In the village of Eklutna, not far from Anchorage, electrician Derek Lampert has found a heat pump that copes with extreme temperatures. He lives in a house that he built with his father during the pandemic. The walls are 22 inches thick, he boasts. Lampert planned for the house to be as energy efficient as possible, and so he invested in a SANCO2 heat pump, which uses CO2 for a refrigerant. The machine provides space heating and hot water supply.

“We’ve had it as cold as –20 degrees Fahrenheit and it still worked,” says Lampert. “I was getting 135-degree water.” 

High efficiency was certainly Lampert’s goal, and overall he’s happy with the results. Financially, at least, the well-insulated house and heat pump setup has proved beneficial. “People in my neighborhood spend more [than my entire electricity bill] on propane and heating oil,” says Lampert.

However, because a heat pump sucks heat indoors from outside, sometimes for long periods, the outer part of the machine can get especially cold and make the device less energy efficient. Heat pumps are generally designed to defrost themselves periodically, but Lampert argues that his model could be better at this. He says he has noticed a fair amount of frosting and ice build-up around the exterior of his heat pump when it’s very cold. “Certainly, the colder it gets, the worse it gets. It just struggles with all the moisture,” he explains. 

John Miles, a spokesman for Eco2 Systems LLC, which makes the SANCO2 heat pump, says the current model works down to –26 degrees Fahrenheit (–32 Celsius). He adds that it has various means of checking for frost build-up and that any ice that does form will, eventually, melt away. 

Terry Chapin, an ecosystem ecologist and professor emeritus of the University of Alaska, Fairbanks, has a heat pump but notes that his model—designed to work down to –13 degrees Fahrenheit (–25 Celsius)—struggles in the winter months. “It doubled our electricity use when I was using it at very low temperatures,” he says. When the temperature drops below 0 degrees Fahrenheit, he switches back to his oil heating system instead.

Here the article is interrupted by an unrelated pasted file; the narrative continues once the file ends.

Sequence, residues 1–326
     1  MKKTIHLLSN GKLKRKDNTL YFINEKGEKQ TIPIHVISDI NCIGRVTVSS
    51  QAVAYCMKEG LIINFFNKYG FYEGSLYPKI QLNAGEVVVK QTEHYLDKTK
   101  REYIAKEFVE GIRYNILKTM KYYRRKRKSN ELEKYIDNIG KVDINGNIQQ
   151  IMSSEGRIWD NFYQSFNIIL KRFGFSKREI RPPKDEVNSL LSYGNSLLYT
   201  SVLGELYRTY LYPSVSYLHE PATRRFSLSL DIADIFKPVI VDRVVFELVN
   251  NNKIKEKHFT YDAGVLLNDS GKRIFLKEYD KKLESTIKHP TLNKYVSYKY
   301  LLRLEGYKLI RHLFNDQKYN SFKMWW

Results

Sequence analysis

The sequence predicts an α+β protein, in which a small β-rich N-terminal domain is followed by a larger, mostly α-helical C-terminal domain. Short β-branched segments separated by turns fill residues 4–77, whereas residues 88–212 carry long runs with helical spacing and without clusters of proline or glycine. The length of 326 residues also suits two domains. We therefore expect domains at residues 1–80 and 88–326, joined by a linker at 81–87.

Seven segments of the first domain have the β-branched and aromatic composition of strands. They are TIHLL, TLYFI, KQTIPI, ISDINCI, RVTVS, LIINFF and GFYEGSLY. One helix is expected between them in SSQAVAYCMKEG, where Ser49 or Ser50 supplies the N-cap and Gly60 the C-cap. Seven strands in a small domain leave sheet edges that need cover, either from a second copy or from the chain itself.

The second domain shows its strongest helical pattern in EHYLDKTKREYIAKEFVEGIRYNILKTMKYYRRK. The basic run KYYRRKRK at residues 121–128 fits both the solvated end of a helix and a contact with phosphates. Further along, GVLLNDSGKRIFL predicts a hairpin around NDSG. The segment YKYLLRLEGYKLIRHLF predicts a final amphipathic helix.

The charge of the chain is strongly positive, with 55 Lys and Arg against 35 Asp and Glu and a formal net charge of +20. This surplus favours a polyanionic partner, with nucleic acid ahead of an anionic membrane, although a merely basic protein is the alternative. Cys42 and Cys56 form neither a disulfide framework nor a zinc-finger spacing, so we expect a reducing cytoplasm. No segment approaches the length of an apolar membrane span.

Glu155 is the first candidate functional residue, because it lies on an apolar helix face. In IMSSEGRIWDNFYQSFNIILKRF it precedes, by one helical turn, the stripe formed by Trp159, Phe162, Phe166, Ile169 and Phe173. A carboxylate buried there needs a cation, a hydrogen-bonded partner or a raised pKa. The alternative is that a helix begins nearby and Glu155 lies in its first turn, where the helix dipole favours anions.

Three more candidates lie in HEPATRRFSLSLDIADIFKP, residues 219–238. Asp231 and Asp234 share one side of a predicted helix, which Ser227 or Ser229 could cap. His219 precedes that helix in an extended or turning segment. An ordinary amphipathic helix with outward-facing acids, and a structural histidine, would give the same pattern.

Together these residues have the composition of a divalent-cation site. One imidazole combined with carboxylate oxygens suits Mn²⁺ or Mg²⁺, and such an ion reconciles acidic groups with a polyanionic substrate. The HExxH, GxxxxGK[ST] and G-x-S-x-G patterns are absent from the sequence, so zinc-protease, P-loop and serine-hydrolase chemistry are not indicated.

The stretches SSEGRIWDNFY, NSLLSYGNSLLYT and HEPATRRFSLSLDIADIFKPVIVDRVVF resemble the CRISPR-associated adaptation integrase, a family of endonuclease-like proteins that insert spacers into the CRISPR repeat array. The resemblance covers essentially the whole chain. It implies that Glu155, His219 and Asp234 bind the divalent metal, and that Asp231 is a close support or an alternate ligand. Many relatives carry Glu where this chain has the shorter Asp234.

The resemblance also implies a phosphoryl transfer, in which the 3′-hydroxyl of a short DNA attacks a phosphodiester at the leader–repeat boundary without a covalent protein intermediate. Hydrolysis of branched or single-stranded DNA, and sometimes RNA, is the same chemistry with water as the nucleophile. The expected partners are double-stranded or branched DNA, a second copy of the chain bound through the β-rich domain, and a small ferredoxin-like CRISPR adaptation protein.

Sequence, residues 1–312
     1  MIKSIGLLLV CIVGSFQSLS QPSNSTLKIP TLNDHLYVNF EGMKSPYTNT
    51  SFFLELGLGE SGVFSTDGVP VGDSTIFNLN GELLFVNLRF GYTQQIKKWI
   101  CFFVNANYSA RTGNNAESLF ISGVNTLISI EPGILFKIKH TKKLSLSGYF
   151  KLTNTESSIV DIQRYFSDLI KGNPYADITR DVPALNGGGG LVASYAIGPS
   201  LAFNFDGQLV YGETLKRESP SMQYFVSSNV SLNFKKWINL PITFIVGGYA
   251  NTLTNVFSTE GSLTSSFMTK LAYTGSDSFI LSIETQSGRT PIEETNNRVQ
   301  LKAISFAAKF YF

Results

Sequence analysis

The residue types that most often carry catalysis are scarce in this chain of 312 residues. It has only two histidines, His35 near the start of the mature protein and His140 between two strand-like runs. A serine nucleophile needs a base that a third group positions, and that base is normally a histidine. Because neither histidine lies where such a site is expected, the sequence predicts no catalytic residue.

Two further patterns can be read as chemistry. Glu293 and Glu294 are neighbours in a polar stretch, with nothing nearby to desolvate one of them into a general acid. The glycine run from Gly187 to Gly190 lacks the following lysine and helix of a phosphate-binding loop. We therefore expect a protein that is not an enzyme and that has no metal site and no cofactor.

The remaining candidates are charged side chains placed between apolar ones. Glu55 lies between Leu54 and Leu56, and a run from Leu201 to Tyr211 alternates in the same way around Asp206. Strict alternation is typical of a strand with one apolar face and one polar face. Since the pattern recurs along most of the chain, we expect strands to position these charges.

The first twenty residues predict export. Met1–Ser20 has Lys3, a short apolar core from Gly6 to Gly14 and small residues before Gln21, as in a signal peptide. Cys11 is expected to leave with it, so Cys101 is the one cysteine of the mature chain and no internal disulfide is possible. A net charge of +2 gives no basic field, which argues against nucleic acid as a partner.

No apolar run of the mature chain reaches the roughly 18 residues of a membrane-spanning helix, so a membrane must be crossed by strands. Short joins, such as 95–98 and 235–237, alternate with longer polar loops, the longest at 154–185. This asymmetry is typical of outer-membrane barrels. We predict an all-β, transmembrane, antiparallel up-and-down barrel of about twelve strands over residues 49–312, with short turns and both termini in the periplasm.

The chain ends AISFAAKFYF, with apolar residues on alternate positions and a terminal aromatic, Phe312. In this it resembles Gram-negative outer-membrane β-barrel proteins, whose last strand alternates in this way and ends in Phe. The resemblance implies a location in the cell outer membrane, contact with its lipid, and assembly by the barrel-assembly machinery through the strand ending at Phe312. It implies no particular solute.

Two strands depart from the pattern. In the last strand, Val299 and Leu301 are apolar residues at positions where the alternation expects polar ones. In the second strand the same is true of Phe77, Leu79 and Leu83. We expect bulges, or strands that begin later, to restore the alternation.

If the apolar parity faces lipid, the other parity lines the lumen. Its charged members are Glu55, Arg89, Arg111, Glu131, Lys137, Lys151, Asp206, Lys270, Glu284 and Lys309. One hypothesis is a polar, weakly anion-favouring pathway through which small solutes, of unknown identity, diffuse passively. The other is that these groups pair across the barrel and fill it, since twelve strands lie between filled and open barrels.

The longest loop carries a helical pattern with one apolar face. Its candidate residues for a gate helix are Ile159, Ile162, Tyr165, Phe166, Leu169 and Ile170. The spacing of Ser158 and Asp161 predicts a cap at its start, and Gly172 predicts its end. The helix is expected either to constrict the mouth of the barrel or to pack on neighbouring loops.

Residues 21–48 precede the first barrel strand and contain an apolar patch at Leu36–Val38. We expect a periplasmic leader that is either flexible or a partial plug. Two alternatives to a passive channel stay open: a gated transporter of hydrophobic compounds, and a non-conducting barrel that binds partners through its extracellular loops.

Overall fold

Vanessa Stevens, a building science researcher at the National Renewable Energy Laboratory in Fairbanks, says that the latest heat pumps are increasingly cold-hardy.

“We’re actually testing a heat pump in our lab this spring where the cutoff temperature is –31 degrees Fahrenheit,” she says. “That was unheard of 10 years ago.”

Demand in Alaska appears to be rising strongly because heat pumps are becoming more efficient and cost effective, she suggests, adding that there are now companies solely dedicated to heat pump installations—a relatively new development.

Heat pumps have great decarbonization potential, but this depends on context, says Meredith Fowlie, an economist at UC Berkeley. They will be most beneficial as a climate solution when they run on electricity generated predominantly from low-carbon sources—and when manufacturers move away from the least climate-friendly heat pump refrigerants. New homes, or homes requiring a brand-new heating system, should opt for a heat pump as standard now, according to Fowlie. But as heat pumps continue their spread, there must be enough properly trained tradespeople to install them, as well as building codes that promote the use of more efficient systems, says Fowlie.

“There’s a sense of urgency that needs to be balanced against some of the practical, pragmatic challenges that we need to overcome.”